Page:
Concerns expressed that decision to protect nation’s ‘clean, green status’ is not based on sound science


The Scottish government said that growing GM crops could damage the nation's $14 billion food and drink industry

The Scottish government has announced that it intends to ban the cultivation of GM crops approved by EU regulatory authorities within its borders. Scotland’s GM crop ban became feasible legally earlier this year after the European parliament approved a new law that allowed EU member nations to ban GMOs for reasons ‘other than science’, including country planning and socio-economic impact. The new law also extends to devolved administrations, such as Scotland’s, as well as member states.

The announcement was welcomed by environmental groups opposed to GMOs, but unleashed a torrent of criticism from scientists, agribusiness leaders and farm organisations.

Huw Jones, head of cereal transformation at agricultural science institute Rothamsted Research, UK, said: ‘This is a sad day for science and a sad day for Scotland.’

In announcing the ban, the rural affairs secretary Richard Loch argued that prohibiting cultivation of GM crops would protect and enhance Scotland’s ‘clean, green status’ and be beneficial to Scotland’s economy. He pointed to the £14 billion food and drink sector ‘valued at home and abroad for its natural, high quality’ suggesting that this could be threatened by growing GM crops.

‘The Scottish government has long-standing concerns about GM crops – concerns that are shared by other European countries and consumers, and which should not be dismissed lightly,’ he said. ‘I firmly believe that GM policy in Scotland should be guided by what’s best for our economy and our own agricultural sector rather than the priorities of others.’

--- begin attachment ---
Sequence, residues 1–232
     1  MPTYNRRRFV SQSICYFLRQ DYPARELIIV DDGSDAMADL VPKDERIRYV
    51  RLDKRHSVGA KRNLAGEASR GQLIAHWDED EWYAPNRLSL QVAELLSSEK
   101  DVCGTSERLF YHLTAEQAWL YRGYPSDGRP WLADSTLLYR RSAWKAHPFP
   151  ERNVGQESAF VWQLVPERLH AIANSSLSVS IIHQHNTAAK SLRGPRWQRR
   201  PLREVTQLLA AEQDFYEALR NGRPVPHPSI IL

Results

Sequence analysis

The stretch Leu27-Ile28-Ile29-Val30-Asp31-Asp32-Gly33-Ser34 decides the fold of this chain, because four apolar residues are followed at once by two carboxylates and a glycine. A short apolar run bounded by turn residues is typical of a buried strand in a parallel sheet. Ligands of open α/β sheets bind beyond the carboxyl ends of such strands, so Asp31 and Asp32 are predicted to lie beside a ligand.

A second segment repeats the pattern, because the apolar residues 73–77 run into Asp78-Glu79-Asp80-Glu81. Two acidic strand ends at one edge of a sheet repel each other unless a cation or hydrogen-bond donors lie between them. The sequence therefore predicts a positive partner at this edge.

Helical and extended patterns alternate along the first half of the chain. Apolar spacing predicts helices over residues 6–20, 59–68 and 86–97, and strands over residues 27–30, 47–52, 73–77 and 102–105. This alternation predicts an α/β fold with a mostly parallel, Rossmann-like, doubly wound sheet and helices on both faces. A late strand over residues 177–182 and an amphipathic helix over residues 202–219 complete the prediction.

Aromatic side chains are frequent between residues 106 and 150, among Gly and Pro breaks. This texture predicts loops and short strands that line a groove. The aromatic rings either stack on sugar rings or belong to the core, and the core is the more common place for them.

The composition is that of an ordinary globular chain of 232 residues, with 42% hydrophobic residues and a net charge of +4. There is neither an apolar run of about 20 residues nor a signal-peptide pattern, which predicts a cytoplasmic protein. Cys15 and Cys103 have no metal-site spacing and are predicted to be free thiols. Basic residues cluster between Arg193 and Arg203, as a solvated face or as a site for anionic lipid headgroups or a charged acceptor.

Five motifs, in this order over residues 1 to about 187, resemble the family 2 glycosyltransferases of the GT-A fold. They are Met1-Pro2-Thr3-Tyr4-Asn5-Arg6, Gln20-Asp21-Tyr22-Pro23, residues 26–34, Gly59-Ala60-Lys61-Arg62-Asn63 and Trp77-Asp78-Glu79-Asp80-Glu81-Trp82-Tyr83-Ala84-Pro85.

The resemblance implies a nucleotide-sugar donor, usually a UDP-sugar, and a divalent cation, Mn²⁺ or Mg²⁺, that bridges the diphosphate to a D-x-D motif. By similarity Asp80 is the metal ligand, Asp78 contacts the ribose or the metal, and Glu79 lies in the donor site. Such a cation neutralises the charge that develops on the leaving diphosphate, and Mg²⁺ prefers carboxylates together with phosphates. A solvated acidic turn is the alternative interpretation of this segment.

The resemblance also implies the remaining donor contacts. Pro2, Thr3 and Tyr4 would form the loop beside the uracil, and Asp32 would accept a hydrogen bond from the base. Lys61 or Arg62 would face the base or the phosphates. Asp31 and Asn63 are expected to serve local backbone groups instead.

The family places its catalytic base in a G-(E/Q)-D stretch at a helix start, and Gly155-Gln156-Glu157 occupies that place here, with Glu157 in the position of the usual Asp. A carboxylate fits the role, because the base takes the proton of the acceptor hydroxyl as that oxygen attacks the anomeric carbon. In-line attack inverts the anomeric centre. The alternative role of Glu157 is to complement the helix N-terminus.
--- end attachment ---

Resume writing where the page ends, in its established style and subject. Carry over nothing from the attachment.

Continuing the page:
Jones countered: ‘GM crops approved by the EU are safe for humans, animals and the environment and it’s a shame the Scottish parliament think cultivation would harm their food and drink sector.’

Anne Glover, of the University of Aberdeen, UK, and former chief scientist to the European commission, agreed, saying that the safety of GM crops has been ‘supported by a global scientific consensus’. She added that GM crops could also be capable of fulfilling the Scottish government’s stated desire to enhance the country’s clean, green status. ‘With appropriate choices, GM technology can offer one approach to sustainable farming by reducing the need for chemical inputs which benefits the consumer, the farmer and the environment,’ she said.

An official request to ban GM crop cultivation will ‘shortly’ be submitted to EU authorities, Loch said, adding that the Scottish ban would include the already approved insect resistant maize MON810 and six other GM crops awaiting EU authorisation.

Thus far only Latvia and Greece have made use of the new law by submitting requests to the EU to ban GM crop cultivation, according to Enrico Brivio, European commission spokesperson for health and food safety. Brivio tells Chemistry World that nine nations (Austria, Hungary, Luxembourg, Germany, Bulgaria, Greece, Italy, France and Poland) had previously banned cultivation of MON810 under so-called safeguard clauses.

While proponents of GM crops are critical of Scotland’s intention to ban GM crops under the new law, Brivio notes that the commission initiated the law and therefore ‘notes with satisfaction that member states make use of this new possibility given to them’.